If that bit of math means nothing to you, don’t worry: just look at the two charts and you’ll see the effect visually. The points in the second chart cluster much more closely around the line than the points in the first chart. R2s are just a rigorous quantitative way to put a specific number on how well the data fits the line; that is, how well the real world fits the theory. To put things in perspective, an R2 of 0 would indicate no fit at all, that the model had no explanatory power. An R2 of 1 would mean that all of the points would fit perfectly along the line: in that particular experiment one could perfectly predict return using GDP.
Looking more closely at the question by using a larger set of countries shows the connection between stock performance and growth relationship more clearly than Mauldin’s more limited data set. It seems pretty clear that GDP would have been a useful helper in determining stock performance, though by no means would it have been a perfect (or even the best available) tool. Other factors matter too. (more on that later)
Over the same time period we can break the countries into quintiles (fifths) and rank them in terms of return.
The chart above, also from Lattice Strategies, shows a very clear relationship between the fastest GDP growth countries on the left and high stock market returns. Conversely, we see the very low GDP growth countries on the right with very low returns.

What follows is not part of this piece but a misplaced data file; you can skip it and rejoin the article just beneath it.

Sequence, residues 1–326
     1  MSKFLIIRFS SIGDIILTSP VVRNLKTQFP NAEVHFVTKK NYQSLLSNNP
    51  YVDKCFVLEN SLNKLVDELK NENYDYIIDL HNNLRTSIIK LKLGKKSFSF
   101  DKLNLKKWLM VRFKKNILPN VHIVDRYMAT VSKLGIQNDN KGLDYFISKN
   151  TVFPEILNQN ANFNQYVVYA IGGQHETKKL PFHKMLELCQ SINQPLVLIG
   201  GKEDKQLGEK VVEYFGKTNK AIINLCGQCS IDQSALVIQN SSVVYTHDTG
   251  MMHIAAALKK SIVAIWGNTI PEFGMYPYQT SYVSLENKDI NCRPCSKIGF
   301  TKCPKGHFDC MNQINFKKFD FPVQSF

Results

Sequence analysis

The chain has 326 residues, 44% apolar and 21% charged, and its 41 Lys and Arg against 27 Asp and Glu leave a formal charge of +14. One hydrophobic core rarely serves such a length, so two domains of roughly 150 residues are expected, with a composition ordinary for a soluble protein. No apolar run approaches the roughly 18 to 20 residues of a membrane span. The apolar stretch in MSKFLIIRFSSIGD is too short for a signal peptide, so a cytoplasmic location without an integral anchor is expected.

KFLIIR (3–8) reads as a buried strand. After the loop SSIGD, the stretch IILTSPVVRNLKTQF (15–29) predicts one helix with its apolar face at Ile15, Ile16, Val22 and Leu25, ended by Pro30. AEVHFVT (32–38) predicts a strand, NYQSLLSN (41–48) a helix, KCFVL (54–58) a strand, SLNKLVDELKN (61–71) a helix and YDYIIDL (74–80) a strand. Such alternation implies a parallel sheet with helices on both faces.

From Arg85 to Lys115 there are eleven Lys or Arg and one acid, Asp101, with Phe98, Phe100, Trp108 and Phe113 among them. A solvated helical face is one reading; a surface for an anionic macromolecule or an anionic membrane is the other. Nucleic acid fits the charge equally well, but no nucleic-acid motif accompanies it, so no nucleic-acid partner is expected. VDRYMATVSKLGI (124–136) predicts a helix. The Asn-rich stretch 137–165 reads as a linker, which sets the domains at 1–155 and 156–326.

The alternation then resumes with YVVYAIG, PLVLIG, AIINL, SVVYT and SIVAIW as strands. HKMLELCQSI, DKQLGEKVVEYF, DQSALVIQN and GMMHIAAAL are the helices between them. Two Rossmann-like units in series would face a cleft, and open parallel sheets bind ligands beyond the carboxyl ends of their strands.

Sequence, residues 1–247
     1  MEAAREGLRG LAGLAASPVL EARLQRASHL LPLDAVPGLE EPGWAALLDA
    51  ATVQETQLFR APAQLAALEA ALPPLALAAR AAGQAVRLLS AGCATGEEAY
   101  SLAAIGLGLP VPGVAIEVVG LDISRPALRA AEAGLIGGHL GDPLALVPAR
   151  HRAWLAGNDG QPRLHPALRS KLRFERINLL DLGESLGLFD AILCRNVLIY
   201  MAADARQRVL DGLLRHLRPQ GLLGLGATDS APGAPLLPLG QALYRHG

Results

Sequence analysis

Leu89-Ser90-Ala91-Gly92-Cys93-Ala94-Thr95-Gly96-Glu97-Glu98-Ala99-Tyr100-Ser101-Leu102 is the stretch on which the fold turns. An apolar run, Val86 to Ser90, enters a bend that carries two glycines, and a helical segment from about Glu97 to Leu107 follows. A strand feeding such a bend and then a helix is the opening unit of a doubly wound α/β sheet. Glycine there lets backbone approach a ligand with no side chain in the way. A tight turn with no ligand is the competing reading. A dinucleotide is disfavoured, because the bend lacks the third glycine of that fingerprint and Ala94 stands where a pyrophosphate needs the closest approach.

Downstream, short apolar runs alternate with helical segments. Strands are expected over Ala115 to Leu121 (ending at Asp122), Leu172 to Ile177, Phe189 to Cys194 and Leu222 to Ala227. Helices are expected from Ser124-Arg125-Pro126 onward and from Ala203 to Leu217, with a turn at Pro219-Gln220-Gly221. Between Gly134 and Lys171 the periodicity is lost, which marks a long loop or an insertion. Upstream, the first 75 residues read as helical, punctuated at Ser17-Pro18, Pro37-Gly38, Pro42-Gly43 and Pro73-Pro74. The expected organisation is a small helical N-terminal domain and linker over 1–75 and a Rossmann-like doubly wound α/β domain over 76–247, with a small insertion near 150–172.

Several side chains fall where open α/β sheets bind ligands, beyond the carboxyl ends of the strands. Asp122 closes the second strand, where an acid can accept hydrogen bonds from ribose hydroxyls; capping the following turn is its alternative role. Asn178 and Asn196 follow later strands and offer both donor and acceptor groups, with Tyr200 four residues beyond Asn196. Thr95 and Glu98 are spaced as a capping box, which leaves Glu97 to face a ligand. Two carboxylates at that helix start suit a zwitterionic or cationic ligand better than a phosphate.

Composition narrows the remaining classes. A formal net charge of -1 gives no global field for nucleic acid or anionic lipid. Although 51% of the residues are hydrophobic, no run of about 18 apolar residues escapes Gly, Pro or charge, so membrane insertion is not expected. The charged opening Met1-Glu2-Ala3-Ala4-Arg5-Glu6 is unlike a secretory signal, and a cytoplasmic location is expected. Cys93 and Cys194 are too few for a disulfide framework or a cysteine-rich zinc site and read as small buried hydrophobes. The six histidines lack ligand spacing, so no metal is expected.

Obviously the stock story is not entirely about growth: human beings are very complex and their behavior cannot be reduced down to just one factor. This obviously true fact is just as true of human beings as economic and financial actors as it is of human beings in any other context. Does adding money to a relationship make things simpler? No. So, why in the world would economists and financial analysts think that people’s financial behavior could be reduced down to just one or two simple equations?
Lots of things are important when it comes to stock performance, and unfortunately a rather disturbingly high number of them are generally ignored by most investment analysts: religion (yes, religion), fertility, ethical corruption, moral corruption, property rights, soundness of currency, debt, tax progressivity, and size of government (which is another topic on which Mr. Mauldin has become a little muddled: more on this later). Of course, beginning valuation also has significant influence on a country’s stock market performance. If a country is priced with expectations for very high future GDP growth, the occurrence of such expected growth may not translate into a superior stock market return, for example.
But just as the stock story is not entirely about growth, just so it is partly about growth; growth clearly is at least one of the factors.
However, in order to understand things more deeply still, we will need to dig into the data more deeply and see that the real growth story is not just in the way that growth is good for stocks, but in the way that growth is better for stocks than it is for bonds. Next time, we’ll take a deeper data dive and learn even more.
- The author is Jerry Bowyer. He is the founding president of the Allegheny Institute of Public Policy, and has been the host of ‘Worldview’, a Sunday-morning political talk show syndicated on a approximated two dozen TV stations. Mr Bowyer is a weekly contributor to Forbes.com.
- This article originally appeared on Forbes.